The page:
Tuesday, May 15, 2012

No U S Nuclear Accidents, Don't Believe It!

Landscape near the Craters of the Moon in South Central Idaho
The Arco Desert
When you are a teenager you miss the importance of certain events that take place, right in front of you. My father had shared this story with our family many times. When he was in his 80's I encouraged him to dictate it to me so I could create some sort of book on this event. I guess I waited too long, as he couldn't stay focused, only reiterated some of what I write here. Dad did know from the day of the event I describe that what the world knew about nuclear accidents wasn't what he knew. He lived it. When I was 16 years old my father had cancer in the groin. He lost a testicle and spent months in radiation treatment, killing every cell in the groin area, thus killing the cancer. I now wonder did his heroic work cause the cancer.

Every work day for over 10 years my father, Royal Wilby Cragun drove from Pocatello, Idaho to the Arco Atomic Energy Site. He was a journeyman electrician from Pocatello Electricians Union local 449. I remember his co-workers Roland Helm, Ronnie Dransfield, and others would car pool. They were electricians and my father told me they were building a prototype for the The Atomic Submarine Nautilus. This was a duplicate of what the seagoing Nautilus would be. The companies mentioned below were common in our dinner conversations.

From WikiPedia: Nautilus was powered by the S2W naval reactor, a pressurized water reactor produced for the U.S. Navy by Westinghouse Electric Corporation. Argonne National Laboratory, together with Westinghouse, developed the basic reactor plant design used in the USS Nautilus after being given the assignment on Dec. 31, 1947 to design a nuclear power plant for a submarine.[6] Nuclear power had the crucial advantage in submarine propulsion because it is a zero-emission process that also consumes no air. The physics critical experiments supporting this design were performed at Argonne. This design is the basis for nearly all of the U.S. nuclear-powered submarine and surface combat ships, and was adapted by other countries for naval nuclear propulsion. The first actual prototype (for the Nautilus) was constructed and tested by Argonne at the S1W facility in Idaho.

My father and his buddies had an air of pride about what they were involved in constructing. One day they returned home very late. Dad was in a state of shock. There had been a terrible accident. Three men had been killed.

For their safety there was always a process, of having on their person a device that measured the radiation level in the ship and on their bodies. They couldn't enter or leave certain areas without those devices measuring safely. The possibility of being contaminated was real. Also, there were instruments all around they could see performing the same function. This day they my father witnessed a terrible accident, a nuclear accident.

As dad told it, a nuclear explosion took place in a portion of the sub. It created radiation that permeated a portion of the ship. My father and Roland Helm were close to the event but safely out of harms way. Another man near the explosion panicked, tore off his protection suit, headed for his car and drove toward Idaho Falls. Two men near the explosion were locked in the area and soon died.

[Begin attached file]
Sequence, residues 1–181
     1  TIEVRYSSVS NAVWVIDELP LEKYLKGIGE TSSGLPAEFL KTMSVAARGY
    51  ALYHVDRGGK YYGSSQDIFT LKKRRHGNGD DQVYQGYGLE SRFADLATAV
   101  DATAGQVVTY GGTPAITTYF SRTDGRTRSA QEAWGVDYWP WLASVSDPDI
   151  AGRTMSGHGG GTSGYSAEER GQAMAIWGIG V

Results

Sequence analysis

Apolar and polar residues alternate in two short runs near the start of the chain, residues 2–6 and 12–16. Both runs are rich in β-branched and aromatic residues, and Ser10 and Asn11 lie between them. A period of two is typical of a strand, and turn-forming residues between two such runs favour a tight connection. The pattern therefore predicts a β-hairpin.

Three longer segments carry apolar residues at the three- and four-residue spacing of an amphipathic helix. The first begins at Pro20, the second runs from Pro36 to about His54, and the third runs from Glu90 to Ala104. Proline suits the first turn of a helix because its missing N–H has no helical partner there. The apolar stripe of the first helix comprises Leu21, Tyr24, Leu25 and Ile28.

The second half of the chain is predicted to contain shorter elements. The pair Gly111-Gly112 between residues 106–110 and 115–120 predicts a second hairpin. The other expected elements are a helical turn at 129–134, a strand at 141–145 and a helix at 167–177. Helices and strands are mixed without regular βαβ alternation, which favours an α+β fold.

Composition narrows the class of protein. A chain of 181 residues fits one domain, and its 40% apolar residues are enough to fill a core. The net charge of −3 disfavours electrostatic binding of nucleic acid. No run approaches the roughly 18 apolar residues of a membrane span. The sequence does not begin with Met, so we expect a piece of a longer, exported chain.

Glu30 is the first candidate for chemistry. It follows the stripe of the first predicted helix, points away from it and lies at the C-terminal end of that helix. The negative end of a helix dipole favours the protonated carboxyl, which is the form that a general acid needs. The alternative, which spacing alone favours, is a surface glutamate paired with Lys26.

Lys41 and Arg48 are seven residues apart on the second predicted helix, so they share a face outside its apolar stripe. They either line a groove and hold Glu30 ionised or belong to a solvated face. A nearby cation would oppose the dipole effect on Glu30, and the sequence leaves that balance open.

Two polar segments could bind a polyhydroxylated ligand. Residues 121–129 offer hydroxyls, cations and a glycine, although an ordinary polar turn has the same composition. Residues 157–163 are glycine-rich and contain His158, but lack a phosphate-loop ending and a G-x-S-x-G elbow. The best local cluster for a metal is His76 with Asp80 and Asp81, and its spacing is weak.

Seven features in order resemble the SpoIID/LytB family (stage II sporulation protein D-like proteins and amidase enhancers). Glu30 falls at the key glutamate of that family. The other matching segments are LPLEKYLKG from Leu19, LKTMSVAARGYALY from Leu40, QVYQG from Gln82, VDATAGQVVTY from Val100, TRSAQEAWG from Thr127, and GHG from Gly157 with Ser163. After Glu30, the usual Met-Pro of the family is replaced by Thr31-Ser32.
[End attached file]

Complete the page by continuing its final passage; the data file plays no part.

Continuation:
My father and Roland were either asked or volunteered to enter the contaminated area to retrieve the bodies.

They were scrubbed down before and after and received all of the precautions safety standards would demand. Dad told me they retrieved the bodies, and I sensed he felt he and Roland had performed an act of bravery.

He told me as they returned to Pocatello that night they witnessed their co-worker who ran, in his car, the worker dead, and the car being buried there in the desert.

Why my father did not write this story during the time of the event, he was in his  40's, I do not know. Perhaps he was told not to. At times I heard our government brag about our never having a nuclear accident causing deaths. I would confront him, his story was always the same and his hesitation to put it in print real.

I know three men died one day in the Arco desert. I know my father and Roland Helm retrieved the the bodies of two of them. I know that a third man, and his car were buried in that desert. I know we cannot say no one has died from a nuclear incident in our country. I also know that our government, and certain people that worked  at Westinghouse Electric Corporation and the Argonne National Laboratory know.

I have no motive to disparage any nuclear program.  I just in honor of my father and Roland Helm, who are both dead now, want what few facts of the story I have been given, be published. Here, it's done.

After posting this I found WikiPedia referring to the accident. I also found this video:

I also found this on Encylopedia of Earth dotcom:  The NRTS was also the site of the first fatal nuclear accident in the U.S. which killed three men on July 3, 1961. The men were working in the experimental reactor Stationary Low-Power Plant Number 1 when one of the control rods was removed from the reactor improperly. This led to a core meltdown and eventual explosion of the reactor.

I guess there is confirmation that supports this story. The news stories that say there were no deaths are wrong.
USS Nautilus (SSN-571)
U S S Nautilus


  1. I think dad's cancer was before the accident.
    I have letters from his company recognizing the work he did during the retrieval.

  2. Yes, I did some more checking and you are right about the cancer. Would you like to post the letters here?

  3. They're in mom's BofR, I'll get them out in the next couple days and scan & send them to you.

  4. Read your email, I sent copies of the letters. (also, dad's birth certificate).